The positive health benefits of a Mediterranean diet are well established: The PREDIMED study was launched in 2003 with the aim of assessing the role of a Mediterranean diet for the prevention of cardiovascular disease in asymptomatic patients with high cardiovascular risk. Data stemming from this study clearly implicate the diet in reducing cardiovascular risk via a variety of mechanisms, with participants adhering to the diet reported to have an approximately 30% reduced risk for a cardiovascular event.
Basic scientific research, old wives' tales, and common sense all suggest that the best way to promote brain function is to keep your mind active. Intriguingly however, a recent report from Elsa Suberbielle and colleagues published in the journal Nature Neuroscience, seems to suggest just the opposite.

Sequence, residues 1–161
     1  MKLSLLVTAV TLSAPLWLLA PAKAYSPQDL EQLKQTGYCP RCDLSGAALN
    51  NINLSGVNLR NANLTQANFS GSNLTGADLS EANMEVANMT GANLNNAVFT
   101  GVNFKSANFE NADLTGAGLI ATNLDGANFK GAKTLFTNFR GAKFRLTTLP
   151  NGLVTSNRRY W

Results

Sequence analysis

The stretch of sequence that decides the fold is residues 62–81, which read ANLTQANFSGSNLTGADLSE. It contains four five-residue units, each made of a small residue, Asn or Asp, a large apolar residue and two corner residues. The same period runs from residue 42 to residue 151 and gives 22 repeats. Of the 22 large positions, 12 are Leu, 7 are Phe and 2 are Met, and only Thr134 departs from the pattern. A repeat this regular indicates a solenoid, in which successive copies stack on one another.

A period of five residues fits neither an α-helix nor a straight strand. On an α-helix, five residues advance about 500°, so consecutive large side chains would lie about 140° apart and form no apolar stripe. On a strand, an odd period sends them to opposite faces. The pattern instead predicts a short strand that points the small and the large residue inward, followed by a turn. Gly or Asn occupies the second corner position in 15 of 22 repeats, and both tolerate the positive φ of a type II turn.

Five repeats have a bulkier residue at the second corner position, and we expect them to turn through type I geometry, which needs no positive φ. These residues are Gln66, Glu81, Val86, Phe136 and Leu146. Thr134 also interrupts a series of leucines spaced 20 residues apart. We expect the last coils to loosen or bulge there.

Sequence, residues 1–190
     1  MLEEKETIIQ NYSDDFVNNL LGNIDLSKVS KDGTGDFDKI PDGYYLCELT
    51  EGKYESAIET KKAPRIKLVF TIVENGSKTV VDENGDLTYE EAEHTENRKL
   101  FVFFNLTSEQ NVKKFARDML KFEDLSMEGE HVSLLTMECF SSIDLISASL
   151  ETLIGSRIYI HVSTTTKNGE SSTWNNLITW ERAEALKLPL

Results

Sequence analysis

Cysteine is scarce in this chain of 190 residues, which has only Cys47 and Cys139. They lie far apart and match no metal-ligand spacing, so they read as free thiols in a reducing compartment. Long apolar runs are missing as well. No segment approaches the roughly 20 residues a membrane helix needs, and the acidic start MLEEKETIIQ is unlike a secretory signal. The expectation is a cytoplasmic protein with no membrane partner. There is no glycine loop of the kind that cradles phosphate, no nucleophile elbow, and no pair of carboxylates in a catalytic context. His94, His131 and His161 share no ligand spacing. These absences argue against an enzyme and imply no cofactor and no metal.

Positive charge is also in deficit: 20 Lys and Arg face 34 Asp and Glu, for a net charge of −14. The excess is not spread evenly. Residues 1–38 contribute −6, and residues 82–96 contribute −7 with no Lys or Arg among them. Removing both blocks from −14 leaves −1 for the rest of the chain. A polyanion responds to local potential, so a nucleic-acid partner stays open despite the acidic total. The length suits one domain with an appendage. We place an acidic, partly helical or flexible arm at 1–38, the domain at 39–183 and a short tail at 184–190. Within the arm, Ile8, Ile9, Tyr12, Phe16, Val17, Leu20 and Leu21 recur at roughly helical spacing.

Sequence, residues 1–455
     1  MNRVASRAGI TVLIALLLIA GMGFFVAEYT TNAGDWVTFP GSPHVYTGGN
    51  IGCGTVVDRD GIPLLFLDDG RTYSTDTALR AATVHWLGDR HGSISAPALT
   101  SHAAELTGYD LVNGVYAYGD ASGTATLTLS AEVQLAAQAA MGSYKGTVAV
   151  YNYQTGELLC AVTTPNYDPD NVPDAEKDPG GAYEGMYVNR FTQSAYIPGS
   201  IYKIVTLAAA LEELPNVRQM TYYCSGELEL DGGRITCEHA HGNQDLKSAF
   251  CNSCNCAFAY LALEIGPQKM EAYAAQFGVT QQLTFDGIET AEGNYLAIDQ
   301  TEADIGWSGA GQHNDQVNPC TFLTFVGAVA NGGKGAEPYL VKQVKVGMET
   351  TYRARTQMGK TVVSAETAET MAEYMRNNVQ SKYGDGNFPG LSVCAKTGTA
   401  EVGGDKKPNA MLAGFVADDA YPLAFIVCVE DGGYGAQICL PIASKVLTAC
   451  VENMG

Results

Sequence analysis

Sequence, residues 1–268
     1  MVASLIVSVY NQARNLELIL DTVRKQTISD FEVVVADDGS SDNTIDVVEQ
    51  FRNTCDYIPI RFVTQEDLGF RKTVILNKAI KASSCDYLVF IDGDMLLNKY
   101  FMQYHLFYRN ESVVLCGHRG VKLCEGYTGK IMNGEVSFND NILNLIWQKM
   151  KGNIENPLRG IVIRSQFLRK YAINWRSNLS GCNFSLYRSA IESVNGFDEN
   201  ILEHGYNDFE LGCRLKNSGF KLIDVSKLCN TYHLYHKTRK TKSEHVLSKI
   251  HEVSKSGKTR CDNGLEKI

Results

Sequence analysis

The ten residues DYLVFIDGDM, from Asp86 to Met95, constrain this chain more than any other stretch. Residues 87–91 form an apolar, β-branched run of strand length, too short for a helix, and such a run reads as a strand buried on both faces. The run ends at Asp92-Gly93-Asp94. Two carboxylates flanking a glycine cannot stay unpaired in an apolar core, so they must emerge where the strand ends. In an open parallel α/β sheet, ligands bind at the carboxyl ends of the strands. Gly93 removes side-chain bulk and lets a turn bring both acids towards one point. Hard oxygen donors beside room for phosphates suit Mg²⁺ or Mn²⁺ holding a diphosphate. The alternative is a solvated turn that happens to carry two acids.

Obsessive compulsive disorder (OCD) is an anxiety disorder which is characterized by intrusive thoughts (obsessions) that result in worry and repetitive behaviors (compulsions) aimed at alleviating the anxiety. While most of us have run back into the house to check the stove was turned off, people suffering from OCD experience these thoughts more frequently, and to the point that it becomes alienating and all-consuming. But what causes it?
Consumption of caffeine, in moderation, is reported to have a number of health benefits including increases in alertness, stamina during exercise, pain relief, and memory. Further research indicates that chemically, it functions as an antioxidant and consequently helps to minimize damaging free radicals that are present in a variety of oxidative stress-related disorders including Alzheimer’s Disease and heart disease. Additional data suggest that caffeine may play a role in minimizing depression by increasing the production of dopamine in the brain.